MORE THAN two years ago, when a young Ishroop Narang started taking judo lessons, it was because she was trying to lose weight. At 70 kg, she started training under coaches Praveen Thakur and Kishor Kumar at Guru Nanak International School, Ludhiana. Last week, the 13-year-old Ludhiana girl won her first international medal — a bronze medal in the +70 kg pre cadet category — in the Commonwealth Judo Championships held at Walsaal, Great Britain.
Narang has 12 fingers and 12 toes, something says helps her in the sport instead of acting like a deterrent.
“It’s my first international medal and it feels to special to win the medal in England. The weather conditions were a bit different as compared to India and adjusting to the conditions was the main challenge. Playing against experienced England players helped my confidence and the win against Milly Horsfeld to win a bronze boosted my confidence a lot. I was born with 12 fingers and 12 toes and it has not been a deterrent. It helps me grip and make sweep moves against the opponent,” she says.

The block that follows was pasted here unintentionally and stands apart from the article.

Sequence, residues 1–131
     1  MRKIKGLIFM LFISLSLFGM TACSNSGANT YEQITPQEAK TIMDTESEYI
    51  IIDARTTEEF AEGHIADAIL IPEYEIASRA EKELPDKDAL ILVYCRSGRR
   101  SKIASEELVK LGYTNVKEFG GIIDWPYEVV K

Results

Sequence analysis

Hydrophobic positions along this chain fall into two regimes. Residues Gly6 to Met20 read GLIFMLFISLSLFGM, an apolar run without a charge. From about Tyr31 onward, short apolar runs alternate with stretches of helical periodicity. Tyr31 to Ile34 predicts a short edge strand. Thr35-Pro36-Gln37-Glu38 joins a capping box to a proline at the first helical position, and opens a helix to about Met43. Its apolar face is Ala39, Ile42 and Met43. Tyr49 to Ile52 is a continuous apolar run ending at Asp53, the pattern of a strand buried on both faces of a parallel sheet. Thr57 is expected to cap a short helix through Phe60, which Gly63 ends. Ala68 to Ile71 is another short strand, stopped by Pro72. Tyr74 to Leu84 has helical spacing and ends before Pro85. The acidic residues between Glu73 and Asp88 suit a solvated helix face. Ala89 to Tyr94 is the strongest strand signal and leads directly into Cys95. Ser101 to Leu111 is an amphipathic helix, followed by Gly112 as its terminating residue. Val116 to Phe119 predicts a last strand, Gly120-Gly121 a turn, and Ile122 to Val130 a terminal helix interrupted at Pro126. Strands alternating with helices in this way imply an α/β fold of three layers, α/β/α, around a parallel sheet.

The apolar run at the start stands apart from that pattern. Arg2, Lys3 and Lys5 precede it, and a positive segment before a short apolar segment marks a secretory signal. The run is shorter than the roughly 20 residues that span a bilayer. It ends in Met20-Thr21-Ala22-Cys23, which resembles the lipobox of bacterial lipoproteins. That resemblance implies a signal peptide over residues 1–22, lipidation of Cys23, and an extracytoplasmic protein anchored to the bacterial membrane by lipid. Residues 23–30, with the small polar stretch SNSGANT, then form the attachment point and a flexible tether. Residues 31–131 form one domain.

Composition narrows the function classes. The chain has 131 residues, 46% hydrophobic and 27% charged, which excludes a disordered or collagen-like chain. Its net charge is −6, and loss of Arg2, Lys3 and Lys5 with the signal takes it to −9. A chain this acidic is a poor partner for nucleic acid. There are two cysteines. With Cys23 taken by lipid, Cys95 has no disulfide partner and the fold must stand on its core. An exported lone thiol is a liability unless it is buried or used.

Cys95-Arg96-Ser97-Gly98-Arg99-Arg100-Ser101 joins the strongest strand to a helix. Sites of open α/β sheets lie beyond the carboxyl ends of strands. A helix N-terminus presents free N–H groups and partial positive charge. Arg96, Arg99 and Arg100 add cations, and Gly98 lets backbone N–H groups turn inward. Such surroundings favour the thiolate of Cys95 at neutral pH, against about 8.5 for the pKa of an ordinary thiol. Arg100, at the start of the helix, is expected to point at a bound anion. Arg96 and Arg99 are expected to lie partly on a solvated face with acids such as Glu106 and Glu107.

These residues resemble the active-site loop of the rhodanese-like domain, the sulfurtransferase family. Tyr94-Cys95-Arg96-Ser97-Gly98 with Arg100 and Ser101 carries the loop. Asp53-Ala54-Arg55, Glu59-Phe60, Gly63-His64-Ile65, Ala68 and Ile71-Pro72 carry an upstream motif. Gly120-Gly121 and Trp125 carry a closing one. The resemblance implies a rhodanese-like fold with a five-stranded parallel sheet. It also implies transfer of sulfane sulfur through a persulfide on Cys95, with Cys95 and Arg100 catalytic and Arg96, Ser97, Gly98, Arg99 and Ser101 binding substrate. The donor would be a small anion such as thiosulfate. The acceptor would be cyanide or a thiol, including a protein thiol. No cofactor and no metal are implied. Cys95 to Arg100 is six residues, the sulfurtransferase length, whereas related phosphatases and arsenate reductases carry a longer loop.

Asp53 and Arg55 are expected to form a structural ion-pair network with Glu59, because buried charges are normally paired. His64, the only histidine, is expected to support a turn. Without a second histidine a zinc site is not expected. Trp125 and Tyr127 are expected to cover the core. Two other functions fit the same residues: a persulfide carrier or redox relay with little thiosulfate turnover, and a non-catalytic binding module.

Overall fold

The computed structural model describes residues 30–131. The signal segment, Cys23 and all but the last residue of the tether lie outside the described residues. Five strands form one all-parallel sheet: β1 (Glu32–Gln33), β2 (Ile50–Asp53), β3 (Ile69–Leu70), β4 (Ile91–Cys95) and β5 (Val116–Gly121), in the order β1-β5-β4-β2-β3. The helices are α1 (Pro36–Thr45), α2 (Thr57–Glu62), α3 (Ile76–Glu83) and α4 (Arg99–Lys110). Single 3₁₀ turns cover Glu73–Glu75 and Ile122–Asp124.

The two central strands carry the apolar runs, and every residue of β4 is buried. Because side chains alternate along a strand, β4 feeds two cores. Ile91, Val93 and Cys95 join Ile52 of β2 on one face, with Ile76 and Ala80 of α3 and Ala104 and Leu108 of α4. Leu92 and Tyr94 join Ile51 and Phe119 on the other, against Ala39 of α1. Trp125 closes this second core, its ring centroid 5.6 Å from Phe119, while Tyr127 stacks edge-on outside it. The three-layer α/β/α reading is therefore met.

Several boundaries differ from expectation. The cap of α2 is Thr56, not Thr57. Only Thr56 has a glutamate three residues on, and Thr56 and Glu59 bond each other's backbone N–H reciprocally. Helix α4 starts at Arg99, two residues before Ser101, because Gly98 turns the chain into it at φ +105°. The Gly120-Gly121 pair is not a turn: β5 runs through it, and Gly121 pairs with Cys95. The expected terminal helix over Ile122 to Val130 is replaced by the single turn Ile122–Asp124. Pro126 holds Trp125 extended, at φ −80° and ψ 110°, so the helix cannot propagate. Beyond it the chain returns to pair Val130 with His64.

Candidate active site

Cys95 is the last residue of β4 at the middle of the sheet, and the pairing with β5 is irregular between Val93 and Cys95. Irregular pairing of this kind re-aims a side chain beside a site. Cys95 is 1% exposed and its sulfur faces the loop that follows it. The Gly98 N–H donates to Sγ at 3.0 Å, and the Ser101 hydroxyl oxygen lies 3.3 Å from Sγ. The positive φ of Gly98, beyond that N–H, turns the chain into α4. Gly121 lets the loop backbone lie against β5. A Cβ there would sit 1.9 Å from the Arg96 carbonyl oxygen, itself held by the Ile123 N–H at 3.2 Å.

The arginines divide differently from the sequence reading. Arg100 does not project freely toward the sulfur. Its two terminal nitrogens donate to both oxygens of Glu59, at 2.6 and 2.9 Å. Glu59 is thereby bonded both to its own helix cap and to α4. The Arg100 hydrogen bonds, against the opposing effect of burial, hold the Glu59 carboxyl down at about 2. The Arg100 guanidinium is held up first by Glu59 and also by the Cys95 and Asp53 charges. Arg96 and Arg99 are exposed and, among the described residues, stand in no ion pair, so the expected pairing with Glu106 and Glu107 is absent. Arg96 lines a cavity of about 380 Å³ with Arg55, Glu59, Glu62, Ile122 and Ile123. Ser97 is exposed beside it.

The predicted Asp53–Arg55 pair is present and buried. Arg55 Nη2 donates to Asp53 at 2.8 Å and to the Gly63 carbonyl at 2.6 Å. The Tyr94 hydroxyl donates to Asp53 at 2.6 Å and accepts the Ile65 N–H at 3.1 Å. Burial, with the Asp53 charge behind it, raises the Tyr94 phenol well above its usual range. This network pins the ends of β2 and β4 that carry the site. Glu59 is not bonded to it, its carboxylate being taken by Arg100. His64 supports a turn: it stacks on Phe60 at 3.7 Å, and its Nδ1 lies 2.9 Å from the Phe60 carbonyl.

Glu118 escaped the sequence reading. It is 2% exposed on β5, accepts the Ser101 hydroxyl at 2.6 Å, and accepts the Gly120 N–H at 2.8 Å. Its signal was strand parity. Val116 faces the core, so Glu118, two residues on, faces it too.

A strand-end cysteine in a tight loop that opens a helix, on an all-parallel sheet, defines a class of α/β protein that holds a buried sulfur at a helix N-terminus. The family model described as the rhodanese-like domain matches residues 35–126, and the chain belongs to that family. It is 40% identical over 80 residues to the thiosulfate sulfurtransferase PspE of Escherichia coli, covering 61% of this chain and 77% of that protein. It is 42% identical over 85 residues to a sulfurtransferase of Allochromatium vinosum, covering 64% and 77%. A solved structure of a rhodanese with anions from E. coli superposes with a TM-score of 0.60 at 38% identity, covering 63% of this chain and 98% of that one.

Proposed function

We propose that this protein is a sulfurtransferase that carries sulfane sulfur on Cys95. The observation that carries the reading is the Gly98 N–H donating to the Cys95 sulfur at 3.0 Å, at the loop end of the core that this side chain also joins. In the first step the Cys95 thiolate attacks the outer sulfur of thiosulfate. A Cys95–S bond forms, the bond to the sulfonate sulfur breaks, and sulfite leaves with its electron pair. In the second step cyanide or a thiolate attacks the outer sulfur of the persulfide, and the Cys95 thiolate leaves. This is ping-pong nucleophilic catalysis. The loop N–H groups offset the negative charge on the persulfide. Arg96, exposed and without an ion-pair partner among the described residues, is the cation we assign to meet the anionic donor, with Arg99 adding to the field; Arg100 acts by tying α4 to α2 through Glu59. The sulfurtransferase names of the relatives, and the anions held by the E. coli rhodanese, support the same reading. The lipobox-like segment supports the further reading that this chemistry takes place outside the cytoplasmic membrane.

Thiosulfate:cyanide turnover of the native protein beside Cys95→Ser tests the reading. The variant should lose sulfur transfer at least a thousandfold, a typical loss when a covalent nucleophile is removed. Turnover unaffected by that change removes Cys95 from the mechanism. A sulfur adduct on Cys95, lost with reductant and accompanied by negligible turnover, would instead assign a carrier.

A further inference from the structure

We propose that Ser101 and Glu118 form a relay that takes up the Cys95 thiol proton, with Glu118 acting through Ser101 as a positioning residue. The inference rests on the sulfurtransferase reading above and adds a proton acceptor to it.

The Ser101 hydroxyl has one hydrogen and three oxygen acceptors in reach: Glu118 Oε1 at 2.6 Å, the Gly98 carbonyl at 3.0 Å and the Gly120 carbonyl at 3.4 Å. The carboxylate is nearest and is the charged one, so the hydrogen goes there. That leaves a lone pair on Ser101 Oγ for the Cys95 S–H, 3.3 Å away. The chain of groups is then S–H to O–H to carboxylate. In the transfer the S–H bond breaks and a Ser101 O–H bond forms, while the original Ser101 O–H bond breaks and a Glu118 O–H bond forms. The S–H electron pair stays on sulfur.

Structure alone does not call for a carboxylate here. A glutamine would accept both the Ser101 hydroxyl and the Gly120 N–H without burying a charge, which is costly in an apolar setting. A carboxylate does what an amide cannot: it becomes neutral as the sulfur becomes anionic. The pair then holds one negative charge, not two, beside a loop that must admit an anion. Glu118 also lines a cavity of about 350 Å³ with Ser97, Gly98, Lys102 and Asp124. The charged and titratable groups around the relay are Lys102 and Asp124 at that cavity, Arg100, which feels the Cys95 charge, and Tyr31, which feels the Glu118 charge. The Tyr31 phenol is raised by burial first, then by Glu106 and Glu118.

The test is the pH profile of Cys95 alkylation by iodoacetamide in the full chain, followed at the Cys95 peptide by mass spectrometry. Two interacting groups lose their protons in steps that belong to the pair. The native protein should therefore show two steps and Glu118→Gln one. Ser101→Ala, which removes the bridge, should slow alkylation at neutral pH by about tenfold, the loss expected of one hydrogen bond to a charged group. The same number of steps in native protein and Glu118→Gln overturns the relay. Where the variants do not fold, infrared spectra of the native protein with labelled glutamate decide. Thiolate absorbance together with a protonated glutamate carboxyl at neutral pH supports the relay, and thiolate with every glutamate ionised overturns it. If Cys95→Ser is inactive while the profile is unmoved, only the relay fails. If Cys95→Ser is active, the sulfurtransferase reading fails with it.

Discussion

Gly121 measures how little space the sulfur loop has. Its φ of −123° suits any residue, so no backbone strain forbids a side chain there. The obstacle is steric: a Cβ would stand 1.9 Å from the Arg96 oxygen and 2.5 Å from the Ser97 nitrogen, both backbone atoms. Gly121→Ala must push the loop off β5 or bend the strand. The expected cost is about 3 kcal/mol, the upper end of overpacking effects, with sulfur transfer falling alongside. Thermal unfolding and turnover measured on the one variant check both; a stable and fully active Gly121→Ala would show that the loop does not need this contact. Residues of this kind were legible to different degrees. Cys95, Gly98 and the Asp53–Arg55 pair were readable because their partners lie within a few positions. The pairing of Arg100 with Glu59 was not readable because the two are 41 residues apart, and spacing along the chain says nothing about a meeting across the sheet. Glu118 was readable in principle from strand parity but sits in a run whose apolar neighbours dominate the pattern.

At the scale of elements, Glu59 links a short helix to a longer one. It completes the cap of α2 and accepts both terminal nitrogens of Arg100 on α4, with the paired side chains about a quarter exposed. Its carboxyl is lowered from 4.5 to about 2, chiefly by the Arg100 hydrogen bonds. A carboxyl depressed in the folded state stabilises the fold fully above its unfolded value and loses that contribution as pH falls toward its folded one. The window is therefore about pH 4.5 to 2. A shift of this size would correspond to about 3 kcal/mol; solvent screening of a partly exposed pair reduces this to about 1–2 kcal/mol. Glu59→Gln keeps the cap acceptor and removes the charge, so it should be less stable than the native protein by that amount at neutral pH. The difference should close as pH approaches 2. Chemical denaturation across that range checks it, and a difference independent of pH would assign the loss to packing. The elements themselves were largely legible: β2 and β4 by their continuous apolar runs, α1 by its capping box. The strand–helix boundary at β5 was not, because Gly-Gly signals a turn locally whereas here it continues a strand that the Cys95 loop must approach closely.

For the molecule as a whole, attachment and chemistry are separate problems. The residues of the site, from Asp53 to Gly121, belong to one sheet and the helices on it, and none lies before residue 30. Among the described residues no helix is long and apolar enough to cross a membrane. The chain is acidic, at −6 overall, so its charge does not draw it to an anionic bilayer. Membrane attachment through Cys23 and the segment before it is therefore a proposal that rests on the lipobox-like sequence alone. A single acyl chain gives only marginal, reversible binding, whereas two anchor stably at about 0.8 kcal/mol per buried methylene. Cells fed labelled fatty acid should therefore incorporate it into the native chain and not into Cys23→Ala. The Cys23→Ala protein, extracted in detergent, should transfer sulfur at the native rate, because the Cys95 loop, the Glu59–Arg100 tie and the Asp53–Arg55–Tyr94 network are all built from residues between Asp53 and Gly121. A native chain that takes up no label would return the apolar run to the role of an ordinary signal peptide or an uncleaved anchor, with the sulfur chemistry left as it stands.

Prior to judo, Narang played basketball in school. In 2017, she became a state champion in the 44 kg category in the Punjab Judo Championships at Bathinda the same year. The last two years have seen Narang win the gold in 44 kg and 57 kg in state championships in 2018 and 2019 respectively. Last year, she also won the bronze in School National Games held at Ranchi, Jharkhand. She is now preparing for open nationals to be held in Manipur later this month.
Earlier this year, Narang was selected for training at the Inspire Institute of Sports, Vijaynagar, Andhra Pradesh. “Winning the gold medal in Punjab State Championships in 2017 gave me confidence that I can excel in light-weight categories too. As my weight increased, I practiced accordingly. Prior to England, I had won the bronze medal in School Nationals at Ranchi last year. Earlier this year, I gave trials for IIS and training there has helped me. I idolise 2018 Youth Olympics silver medallist Tababi Devi and she also trains there. I often seek tips from her and coach Jiwan Sharma,” shared Narang, whose father Tejinderpal Singh Narang is a businessman and mother Jaspreet Kaur is a homemaker.
Former national coach Jiwan Sharma, who now trains at IIS, said, “Ishroop’s biggest strength is her will power. She is still young and needs to improve a lot. Competing in more international tournaments will help her game and it will help her prepare for junior as well senior categories later.”